Is the dinosaur fart there?
root@flux-sample-1:/code# ls /workflow/ dinosaur-fart lost+found
We have a dinosaur fart! I repeat - we have a dinosaur fart!! 🦖🌬️
Let’s now run Snakemake! Since we haven’t properly set up permissions, we need to set up the workspace as root,
and then give ownership to the flux user. Let’s prepare snakemake data in
/workflow and run it.
$ git clone --depth 1 https://github.com/snakemake/snakemake-tutorial-data /workflow/snakemake-workflow
$ wget -O /workflow/snakemake-workflow/Snakefile https://raw.githubusercontent.com/rse-ops/flux-hpc/main/snakemake/atacseq/Snakefile $ mkdir -p /workflow/snakemake-workflow/scripts $ wget -O /workflow/snakemake-workflow/scripts/plot-quals.py https://raw.githubusercontent.com/rse-ops/flux-hpc/main/snakemake/atacseq/scripts/plot-quals.py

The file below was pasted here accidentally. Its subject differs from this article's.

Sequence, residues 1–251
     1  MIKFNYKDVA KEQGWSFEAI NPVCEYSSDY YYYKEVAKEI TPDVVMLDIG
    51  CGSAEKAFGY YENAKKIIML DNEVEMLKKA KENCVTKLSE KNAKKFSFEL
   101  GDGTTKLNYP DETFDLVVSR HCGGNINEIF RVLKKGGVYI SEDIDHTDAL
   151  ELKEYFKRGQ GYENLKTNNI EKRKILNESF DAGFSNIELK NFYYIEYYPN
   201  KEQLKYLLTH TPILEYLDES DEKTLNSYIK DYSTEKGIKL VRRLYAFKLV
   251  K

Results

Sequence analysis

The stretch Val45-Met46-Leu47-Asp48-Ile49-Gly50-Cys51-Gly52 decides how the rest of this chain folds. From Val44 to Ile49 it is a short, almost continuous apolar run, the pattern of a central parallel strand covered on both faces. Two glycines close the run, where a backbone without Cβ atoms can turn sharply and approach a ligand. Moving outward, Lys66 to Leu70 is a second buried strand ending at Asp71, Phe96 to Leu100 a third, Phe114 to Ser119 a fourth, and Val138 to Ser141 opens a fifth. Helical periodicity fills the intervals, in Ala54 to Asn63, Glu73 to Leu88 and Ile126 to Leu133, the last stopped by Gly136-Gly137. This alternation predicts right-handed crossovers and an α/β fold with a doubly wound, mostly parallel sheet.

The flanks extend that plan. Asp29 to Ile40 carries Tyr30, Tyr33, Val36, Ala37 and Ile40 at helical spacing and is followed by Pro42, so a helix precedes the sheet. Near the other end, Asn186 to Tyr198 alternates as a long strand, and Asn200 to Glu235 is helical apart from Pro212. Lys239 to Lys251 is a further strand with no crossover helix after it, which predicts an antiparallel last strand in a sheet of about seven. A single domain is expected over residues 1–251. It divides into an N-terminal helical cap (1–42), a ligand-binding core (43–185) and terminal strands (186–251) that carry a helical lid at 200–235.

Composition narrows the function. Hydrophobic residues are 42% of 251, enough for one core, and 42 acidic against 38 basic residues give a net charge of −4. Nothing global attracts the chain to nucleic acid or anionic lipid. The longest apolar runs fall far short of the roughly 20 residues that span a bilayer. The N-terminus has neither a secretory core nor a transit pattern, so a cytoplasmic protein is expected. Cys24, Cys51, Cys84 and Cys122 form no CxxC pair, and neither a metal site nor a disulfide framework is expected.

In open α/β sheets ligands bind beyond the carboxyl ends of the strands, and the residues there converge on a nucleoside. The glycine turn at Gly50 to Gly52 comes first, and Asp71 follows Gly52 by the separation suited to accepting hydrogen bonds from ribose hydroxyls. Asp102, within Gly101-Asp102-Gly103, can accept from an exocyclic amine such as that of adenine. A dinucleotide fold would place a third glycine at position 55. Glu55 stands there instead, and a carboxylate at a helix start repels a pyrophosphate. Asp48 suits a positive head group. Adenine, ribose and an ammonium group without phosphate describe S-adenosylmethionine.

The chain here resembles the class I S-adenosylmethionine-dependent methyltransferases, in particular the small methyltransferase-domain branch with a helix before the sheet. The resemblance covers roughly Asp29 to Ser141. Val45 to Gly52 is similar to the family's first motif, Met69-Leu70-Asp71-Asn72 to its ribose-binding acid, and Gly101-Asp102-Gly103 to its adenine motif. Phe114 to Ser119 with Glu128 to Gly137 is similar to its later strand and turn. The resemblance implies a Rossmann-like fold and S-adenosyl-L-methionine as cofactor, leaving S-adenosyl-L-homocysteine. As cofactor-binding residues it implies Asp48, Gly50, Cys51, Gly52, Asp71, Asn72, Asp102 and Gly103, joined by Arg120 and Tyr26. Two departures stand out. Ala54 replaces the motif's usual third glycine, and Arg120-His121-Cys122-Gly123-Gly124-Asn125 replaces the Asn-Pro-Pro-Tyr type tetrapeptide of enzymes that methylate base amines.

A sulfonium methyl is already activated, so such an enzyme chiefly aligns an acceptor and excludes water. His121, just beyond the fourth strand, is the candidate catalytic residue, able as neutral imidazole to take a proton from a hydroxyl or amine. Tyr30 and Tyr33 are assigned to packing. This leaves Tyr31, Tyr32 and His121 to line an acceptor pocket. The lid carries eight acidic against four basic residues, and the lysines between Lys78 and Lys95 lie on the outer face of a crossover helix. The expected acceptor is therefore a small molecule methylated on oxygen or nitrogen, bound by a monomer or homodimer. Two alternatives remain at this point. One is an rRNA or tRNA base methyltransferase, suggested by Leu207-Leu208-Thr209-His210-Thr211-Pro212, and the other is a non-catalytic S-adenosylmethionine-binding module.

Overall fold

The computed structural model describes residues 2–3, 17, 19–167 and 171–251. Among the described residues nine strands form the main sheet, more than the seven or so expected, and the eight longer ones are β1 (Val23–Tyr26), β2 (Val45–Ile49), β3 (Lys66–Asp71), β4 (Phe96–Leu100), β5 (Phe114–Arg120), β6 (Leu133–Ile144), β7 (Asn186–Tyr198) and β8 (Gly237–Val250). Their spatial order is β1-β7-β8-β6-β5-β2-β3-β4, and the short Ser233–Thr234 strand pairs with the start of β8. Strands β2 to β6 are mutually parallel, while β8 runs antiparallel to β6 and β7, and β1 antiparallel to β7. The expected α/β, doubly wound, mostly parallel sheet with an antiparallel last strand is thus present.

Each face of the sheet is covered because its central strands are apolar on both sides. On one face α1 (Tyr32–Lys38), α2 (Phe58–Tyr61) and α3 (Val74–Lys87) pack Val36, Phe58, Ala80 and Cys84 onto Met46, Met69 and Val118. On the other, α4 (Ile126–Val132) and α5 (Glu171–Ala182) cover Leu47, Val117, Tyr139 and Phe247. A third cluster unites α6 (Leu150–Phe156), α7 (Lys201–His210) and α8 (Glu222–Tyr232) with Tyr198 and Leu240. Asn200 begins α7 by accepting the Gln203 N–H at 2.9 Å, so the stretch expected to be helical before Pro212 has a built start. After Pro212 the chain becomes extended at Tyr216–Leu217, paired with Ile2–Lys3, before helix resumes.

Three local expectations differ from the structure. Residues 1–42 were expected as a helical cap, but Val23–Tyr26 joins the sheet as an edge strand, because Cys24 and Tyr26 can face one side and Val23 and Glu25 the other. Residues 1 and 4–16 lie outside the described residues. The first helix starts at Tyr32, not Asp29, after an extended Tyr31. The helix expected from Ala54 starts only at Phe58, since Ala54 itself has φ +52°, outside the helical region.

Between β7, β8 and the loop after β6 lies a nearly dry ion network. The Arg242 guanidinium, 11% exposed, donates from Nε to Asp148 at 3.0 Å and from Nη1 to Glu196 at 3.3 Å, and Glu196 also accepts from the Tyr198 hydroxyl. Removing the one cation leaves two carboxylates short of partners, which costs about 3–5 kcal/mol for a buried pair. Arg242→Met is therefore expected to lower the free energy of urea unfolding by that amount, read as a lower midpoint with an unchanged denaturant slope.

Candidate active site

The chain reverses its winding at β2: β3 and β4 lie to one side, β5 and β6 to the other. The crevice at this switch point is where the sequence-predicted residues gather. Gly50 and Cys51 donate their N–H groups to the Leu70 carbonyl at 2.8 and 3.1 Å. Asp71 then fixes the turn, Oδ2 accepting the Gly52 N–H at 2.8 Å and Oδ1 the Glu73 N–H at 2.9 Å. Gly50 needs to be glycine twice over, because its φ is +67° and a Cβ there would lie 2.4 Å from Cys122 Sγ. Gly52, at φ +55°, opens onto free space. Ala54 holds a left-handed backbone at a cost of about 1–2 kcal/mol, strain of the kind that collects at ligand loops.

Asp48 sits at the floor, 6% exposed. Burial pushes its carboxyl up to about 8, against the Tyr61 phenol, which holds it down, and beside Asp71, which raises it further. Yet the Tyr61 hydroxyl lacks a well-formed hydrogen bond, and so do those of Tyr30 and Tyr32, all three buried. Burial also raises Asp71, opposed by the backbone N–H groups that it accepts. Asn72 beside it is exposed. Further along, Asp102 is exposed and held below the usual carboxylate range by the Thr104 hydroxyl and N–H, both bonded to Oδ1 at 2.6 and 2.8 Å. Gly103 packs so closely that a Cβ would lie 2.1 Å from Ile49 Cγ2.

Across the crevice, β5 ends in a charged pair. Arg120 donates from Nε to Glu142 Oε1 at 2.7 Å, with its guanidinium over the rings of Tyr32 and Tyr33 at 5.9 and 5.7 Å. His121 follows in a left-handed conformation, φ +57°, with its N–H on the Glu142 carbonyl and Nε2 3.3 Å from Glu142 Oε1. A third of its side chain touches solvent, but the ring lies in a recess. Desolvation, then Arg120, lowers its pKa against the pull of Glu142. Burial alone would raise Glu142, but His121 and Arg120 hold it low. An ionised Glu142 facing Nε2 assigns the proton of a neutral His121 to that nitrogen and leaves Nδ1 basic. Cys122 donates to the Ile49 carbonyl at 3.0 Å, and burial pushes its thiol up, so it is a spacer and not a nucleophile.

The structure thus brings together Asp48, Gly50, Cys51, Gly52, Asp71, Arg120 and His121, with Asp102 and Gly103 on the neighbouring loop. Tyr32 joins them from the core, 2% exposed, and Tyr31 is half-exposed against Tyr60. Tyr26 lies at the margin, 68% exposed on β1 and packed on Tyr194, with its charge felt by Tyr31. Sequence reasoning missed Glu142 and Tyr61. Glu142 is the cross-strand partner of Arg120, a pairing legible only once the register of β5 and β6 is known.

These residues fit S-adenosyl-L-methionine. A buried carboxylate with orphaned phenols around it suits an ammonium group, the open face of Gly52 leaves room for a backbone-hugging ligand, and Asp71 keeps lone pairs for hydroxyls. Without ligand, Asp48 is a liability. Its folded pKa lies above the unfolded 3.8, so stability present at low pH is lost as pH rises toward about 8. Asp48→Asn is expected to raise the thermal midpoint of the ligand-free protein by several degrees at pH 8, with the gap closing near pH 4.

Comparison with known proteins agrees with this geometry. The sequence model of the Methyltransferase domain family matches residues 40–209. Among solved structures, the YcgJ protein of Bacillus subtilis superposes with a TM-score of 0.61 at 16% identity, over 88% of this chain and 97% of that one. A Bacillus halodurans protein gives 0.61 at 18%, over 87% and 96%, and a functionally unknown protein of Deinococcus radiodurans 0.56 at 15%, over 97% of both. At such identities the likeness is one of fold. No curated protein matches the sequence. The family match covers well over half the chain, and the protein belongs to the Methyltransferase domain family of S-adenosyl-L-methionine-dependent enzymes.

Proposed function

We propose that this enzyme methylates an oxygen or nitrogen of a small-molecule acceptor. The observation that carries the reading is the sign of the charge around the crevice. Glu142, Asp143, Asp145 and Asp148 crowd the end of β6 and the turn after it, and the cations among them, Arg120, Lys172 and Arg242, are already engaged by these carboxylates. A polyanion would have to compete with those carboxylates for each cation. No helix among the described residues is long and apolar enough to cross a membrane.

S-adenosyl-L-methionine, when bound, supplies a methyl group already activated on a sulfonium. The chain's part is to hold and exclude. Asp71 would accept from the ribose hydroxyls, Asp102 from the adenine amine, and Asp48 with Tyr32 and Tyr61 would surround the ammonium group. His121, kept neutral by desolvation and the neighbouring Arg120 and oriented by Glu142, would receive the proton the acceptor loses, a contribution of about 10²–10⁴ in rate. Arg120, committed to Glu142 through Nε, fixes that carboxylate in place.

The workflow is now ready, but we need to give ownership to the flux user.
$ sudo chown flux -R /workflow/snakemake-workflow
Now let’s run it! Remember that we are in interactive mode, so the broker is already running and we need to connect to it, and as the flux user. Let’s do that first.
$ sudo -u flux -E $(env) -E HOME=/home/flux flux proxy local:///run/flux/local bash
Before snakemake, let’s run a test job. You should see some subset of nodes:
$ flux run -N 4 hostname flux-sample-0 flux-sample-2 flux-sample-3 flux-sample-1
And that the resources are available:
$ flux resource list STATE NNODES NCORES NODELIST free 4 4 flux-sample-[0-3] allocated 0 0 down 0 0
Note that you are now the flux user:
Let’s go to the worklow directory and run Snakemake using Flux!
$ cd /workflow/snakemake-workflow $ snakemake --cores 1 --flux --jobs 4
Snakemake Workflow Output